2. Media and momentum.  Party elites compete with the media to influence the nomination.   The media elites, of course, have a unique set of incentives when covering elections.  They want novelty, conflict, and excitement for their stories.  Party elites, in contrast, want predictability and stability. Trump is the perfect media candidate, especially for the uniquely raw forms of conservative media in the U.S. that attract many of his potential supporters.  He makes outrageous comments, he loves clashing, and has a flair for one liners that make it into the news. The media adore his candidacy and confer legitimacy on him by giving him such disproportionate coverage.  Jeb Bush or John Kasich, in contrast, are boring policy “wonks” who do not generate lively news.  Winning in early primary states, begets more attention and momentum as voters begin to jump on the “bandwagon” by supporting a candidate who looks like a winner. To win primaries candidates need to mobilize factions rather than put together broad coalitions. Thus, Ted Cruz chased the evangelicals, Bush sought the business elites, and Trump sought the blue-collar whites who have not been well-represented by party elites. One only needs a plurality to win the nomination. Trump won roughly 11 million of the 27 million popular votes (or 40%) cast in the Republican nomination. Keep in mind that his victory was achieved by getting the support of less than 5% of the entire American electorate.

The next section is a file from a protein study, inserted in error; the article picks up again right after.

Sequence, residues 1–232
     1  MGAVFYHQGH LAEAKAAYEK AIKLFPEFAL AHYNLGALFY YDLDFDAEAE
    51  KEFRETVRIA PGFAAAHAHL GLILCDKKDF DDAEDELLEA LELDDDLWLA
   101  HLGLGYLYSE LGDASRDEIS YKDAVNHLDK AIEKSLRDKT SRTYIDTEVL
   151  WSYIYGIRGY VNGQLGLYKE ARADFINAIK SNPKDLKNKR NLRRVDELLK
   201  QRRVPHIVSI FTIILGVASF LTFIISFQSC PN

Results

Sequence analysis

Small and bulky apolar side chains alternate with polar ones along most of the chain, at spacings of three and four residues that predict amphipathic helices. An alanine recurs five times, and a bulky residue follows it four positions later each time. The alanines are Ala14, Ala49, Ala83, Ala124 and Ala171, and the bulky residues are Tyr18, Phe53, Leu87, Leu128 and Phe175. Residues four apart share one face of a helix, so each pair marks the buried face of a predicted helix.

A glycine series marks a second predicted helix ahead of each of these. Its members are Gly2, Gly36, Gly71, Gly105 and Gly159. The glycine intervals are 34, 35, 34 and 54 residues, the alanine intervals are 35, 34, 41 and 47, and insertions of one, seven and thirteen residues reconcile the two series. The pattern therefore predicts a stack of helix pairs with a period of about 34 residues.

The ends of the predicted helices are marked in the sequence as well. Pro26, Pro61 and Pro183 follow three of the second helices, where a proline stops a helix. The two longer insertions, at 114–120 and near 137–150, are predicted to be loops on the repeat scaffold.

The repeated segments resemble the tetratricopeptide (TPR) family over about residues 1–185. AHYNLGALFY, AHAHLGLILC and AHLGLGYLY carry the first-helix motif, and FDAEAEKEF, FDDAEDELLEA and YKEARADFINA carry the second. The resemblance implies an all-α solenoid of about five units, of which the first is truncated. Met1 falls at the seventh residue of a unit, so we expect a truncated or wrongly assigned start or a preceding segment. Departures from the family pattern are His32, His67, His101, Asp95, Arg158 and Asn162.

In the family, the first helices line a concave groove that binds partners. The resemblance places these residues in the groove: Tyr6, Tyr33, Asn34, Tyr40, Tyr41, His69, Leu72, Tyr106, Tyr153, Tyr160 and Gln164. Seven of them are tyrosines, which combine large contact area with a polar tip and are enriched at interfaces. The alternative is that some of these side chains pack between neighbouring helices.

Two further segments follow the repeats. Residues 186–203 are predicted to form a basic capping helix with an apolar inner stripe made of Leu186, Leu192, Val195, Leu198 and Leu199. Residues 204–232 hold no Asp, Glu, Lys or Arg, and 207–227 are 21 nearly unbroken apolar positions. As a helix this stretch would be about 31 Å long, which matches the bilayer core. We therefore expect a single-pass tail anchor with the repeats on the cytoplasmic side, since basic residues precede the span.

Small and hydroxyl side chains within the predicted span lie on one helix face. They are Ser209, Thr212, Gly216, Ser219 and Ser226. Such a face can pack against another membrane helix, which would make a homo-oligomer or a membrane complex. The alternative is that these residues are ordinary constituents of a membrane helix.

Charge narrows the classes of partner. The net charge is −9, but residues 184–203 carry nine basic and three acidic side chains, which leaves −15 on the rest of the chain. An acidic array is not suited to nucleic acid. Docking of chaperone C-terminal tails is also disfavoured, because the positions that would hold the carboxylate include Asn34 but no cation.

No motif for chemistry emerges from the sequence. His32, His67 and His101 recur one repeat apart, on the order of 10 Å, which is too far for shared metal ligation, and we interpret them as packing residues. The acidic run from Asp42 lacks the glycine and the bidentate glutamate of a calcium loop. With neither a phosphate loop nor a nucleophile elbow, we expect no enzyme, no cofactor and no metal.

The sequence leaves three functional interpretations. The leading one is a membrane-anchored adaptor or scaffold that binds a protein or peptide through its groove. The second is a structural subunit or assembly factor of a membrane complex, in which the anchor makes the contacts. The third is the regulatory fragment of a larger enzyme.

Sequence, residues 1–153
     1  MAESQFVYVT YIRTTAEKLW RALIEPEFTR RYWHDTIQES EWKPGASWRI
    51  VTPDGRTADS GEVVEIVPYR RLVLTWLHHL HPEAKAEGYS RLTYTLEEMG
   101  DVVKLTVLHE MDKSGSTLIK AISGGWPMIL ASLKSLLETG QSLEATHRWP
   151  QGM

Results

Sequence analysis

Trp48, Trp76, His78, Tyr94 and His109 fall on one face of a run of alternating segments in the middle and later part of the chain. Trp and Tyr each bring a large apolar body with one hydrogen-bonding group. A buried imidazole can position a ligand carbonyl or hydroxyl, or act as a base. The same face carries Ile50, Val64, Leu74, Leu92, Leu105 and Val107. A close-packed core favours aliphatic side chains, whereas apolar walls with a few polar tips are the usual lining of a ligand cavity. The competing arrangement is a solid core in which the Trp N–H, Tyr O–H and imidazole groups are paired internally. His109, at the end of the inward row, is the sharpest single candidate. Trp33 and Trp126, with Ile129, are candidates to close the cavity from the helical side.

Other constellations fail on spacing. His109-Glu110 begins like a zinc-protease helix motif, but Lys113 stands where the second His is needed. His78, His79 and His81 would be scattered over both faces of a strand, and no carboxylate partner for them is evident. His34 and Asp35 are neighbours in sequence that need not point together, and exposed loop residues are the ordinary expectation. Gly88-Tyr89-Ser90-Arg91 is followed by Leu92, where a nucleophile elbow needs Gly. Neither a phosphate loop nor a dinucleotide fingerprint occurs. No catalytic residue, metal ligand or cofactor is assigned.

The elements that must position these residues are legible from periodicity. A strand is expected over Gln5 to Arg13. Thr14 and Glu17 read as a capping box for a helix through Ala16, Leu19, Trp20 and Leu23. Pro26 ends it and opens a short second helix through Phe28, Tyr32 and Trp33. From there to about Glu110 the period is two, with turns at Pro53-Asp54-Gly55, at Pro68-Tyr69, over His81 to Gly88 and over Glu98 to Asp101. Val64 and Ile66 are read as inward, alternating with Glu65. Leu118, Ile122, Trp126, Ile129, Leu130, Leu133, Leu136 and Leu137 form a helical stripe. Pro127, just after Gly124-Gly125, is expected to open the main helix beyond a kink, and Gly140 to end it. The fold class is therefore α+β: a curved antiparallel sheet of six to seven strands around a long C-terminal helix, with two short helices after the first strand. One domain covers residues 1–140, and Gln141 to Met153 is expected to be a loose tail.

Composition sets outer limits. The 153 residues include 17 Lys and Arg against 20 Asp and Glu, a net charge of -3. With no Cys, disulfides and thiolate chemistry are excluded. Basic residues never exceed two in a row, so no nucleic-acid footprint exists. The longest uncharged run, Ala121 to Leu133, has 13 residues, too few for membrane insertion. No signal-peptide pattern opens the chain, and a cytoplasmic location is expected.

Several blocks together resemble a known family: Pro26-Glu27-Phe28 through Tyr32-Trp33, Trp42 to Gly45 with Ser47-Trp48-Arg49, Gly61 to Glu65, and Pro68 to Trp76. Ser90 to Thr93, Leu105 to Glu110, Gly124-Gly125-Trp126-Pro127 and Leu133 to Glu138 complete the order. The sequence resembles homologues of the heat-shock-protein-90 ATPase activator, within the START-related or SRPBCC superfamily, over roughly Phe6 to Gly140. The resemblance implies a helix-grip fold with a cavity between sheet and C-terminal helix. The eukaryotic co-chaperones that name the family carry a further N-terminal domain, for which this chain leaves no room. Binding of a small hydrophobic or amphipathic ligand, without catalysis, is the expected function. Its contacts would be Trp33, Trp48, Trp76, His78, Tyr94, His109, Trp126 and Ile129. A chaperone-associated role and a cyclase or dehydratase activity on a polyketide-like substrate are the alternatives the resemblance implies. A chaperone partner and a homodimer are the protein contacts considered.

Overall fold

3. Voter anger. Americans have a long history of “populism” – a belief in the wisdom of the common man over political professionals.  This anti-government, anti-elite sentiment dates back to the earliest days of the Republic.  In challenging times, a significant portion of Americans are often willing to vote for inexperienced candidates who make outrageous claims and offer unrealistic policies as a way of “bringing power back to the people.”  For Trump supporters there are at least three sources of anger that stoke the populist appeal of Trump: 1)Trump voters have the most reason to be disgruntled: they tend to be poor, uneducated, and not faring well in the new economy.  It is hardly a coincidence that the mortality rates of white, working class men are sky-rocketing.  Republicans have virtually ignored this constituency on economic policy even as they have used racial appeals to keep these voters on their side. 2) Partisan Stalemate: Trump attracts many voters, particularly independents, who intensely hate the partisan fighting in Washington. Such voters believe solutions to the nation’s problems are obvious and politicians avoid them to advance their own careers. Trump’s voters – many of whom have authoritarian leanings – are inclined to turn men ‘above politics’ who promise to fix things. 3) The “politics of resentment” is especially strong among Trump voters and has a racial element.  The divisions between the parties reflect controversies rooted in racial issues (e.g., policing and prisons, social welfare, equality).  The electoral appeal of Trump, with his anti-immigrant and anti-Muslim rhetoric, is that he says things more directly than other Republicans and gives voice to working-class white men who feel they have been ignored in comparison to other groups.   They despise “political correctness” which to them implies excessive deference to key Democratic constituencies (minorities, gays, women). The fact that the President is black accentuates this grievance.  Such anxieties reflect the changing demographics in US and the fact that most minorities tend to be Democrats.